It’s a strong, if occasionally overwrought performance, affected as much by some over dramatic scripting and bad direction as anything else. The best thing about it is Orman’s refusal to seek out our sympathy. Willie is not a likeable guy and many, if not most, of his actions throughout the movie are deplorable, yet somehow, when he denies ownership of the purple car being towed away from his old apartment, it’s impossible not to feel some hope that this symbolic gesture is an actual sign of his choosing a new path and becoming a new man.

It’s a feeling of hope that wouldn’t be possible were it not for the performance of Diana Sands. Her Cora is the film’s true hero and easily the most sympathetic character. When her goal is to take Willie down and rescue Pashen, we remain entirely on her side, completely unconflicted as she breaks the law to do what she feels is right. Yet we also understand her ambivalence when she succeeds and Willie’s life stands in ruins. She doesn’t feel any joy or sense of victory. She’s sad for him and invites him into her house for coffee in the film’s most powerful scene:


But lest you think this all too melodramatic, Willie Dynamite never forgets how absurd and gloriously tacky so many of its characters really are. Because the genre demanded it, Willie gets his own catchy theme song, which we hear twice in the movie and is so awesome I would have bought it from iTunes immediately after I heard it if it were available:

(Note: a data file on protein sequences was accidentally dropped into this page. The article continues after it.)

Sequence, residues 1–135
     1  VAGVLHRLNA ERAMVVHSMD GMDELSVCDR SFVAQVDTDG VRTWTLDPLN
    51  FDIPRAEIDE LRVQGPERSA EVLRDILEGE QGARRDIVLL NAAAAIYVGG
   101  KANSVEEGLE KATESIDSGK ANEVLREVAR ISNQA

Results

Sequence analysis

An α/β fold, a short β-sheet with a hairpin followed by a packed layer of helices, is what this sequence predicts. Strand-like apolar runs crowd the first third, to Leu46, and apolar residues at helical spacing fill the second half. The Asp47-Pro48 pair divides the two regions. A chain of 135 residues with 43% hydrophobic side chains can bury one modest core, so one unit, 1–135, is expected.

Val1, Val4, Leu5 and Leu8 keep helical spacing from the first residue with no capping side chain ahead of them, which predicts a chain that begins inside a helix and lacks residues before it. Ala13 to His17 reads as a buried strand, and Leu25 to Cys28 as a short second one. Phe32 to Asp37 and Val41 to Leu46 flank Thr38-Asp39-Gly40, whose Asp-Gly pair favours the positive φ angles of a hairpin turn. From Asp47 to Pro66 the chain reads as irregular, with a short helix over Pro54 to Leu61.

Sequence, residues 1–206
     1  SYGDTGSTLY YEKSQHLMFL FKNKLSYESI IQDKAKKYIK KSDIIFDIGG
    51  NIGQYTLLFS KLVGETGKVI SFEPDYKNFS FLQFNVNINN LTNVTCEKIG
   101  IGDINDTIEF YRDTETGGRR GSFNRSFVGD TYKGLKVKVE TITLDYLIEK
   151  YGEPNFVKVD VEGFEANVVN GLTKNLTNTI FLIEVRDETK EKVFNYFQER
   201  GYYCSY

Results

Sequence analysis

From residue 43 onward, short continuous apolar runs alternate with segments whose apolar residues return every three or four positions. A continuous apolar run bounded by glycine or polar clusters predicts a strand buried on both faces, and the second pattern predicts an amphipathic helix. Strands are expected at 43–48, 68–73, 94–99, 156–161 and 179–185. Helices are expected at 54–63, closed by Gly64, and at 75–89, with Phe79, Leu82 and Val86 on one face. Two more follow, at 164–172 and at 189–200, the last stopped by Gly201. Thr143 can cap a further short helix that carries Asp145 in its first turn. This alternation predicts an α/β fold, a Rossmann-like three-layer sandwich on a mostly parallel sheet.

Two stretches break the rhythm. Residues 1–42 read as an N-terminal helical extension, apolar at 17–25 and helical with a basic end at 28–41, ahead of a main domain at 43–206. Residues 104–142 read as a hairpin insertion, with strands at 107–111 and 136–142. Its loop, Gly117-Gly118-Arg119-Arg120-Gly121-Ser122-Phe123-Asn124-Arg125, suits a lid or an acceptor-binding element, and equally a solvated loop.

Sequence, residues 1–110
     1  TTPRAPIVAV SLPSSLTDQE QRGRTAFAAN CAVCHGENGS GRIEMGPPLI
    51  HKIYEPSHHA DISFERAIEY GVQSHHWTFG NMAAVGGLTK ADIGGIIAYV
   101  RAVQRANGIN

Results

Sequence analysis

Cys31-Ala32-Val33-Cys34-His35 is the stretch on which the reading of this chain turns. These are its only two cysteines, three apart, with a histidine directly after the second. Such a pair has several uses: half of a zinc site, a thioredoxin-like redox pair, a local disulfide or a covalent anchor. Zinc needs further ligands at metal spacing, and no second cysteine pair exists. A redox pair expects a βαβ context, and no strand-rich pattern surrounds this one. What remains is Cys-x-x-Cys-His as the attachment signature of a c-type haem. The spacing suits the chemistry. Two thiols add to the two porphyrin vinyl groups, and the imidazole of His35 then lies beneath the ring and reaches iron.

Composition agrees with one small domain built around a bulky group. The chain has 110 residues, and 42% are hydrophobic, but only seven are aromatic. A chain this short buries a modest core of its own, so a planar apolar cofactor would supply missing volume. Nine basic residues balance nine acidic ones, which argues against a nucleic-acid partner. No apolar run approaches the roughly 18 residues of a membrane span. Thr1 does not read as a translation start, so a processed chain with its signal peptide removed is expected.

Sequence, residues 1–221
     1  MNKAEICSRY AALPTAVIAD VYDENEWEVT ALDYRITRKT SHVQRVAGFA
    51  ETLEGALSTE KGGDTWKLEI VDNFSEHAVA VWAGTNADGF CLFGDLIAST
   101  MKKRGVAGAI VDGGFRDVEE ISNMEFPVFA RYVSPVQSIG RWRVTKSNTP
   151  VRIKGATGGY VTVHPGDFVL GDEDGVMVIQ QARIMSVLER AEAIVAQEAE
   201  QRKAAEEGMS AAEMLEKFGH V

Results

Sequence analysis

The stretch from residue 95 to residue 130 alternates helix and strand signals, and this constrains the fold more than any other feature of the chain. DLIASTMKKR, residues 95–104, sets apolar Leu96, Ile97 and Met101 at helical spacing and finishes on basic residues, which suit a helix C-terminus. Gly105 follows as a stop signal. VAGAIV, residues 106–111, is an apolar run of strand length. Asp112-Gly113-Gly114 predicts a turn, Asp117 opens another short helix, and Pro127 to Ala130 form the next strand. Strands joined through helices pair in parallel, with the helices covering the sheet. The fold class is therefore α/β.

This is a movie where we actually see a brotherhood of pimps discussing their business a la Black Dynamite (whose name suggest this effort served as a major inspiration). Their leader, Bell, is played so over the top by Roger Robinson, he actually could have been lifted whole and placed in that satire without changing a single vocal inflection. He’s a parody of a parody, but his presence doesn’t take the whole thing down. Instead he’s an amusing note in an often-serious film that takes pains to show that there are actual consequences for the women ruled over by these men.

Not a perfect movie, the film still manages to deliver the goods we expect, but in a way that allows us to enjoy the spectacle without feeling like we’re supporting it. Willie is less an anti-hero than an asshole with just enough humanity that after we’ve seen him taken down, we’re ready to see him built back up—hopefully as someone less destructive and with much better taste.

Bad Mother--SHUT YOUR MOUTH! Rating: 7 Fur Hats out of 10

Sisters Are Doing It For Themselves: Part One "The Squad With the Misleading Name"

Girls just want to have fun, but there are so many psychos out there who refuse to let them. Mark my words, those bastards are gonna pay.With their balls!

Rape Squad



Linda (Jo Anne Harris) is a part-time student and food truck operator whose peace is forever shattered when she’s raped by a maniac in an orange jumpsuit and hockey mask. Based on his nasty quirk of forcing his victims to sing “Jingle Bells” while he attacks them, the police determine she’s his fifth victim, but haven’t figured out a way to identify or stop him. Frustrated by the law’s impotence, Linda convinces her fellow victims to form a “Rape Squad” dedicated to protecting other women and getting revenge on rapists who’ve escaped the law. Their attacker notices their efforts and devises a plan to relive his vile experiences—this time with all five women at once. Only fate will tell if the “Rape Squad” is ready for him.